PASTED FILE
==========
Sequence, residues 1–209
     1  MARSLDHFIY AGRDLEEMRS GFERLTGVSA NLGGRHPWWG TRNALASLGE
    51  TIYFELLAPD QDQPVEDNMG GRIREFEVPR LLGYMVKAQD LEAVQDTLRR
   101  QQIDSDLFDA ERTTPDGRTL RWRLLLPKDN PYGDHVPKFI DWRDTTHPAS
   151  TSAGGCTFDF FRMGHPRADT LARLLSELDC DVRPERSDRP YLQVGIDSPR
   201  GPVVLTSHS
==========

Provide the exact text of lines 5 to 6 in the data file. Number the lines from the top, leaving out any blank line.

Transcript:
   151  TSAGGCTFDF FRMGHPRADT LARLLSELDC DVRPERSDRP YLQVGIDSPR
   201  GPVVLTSHS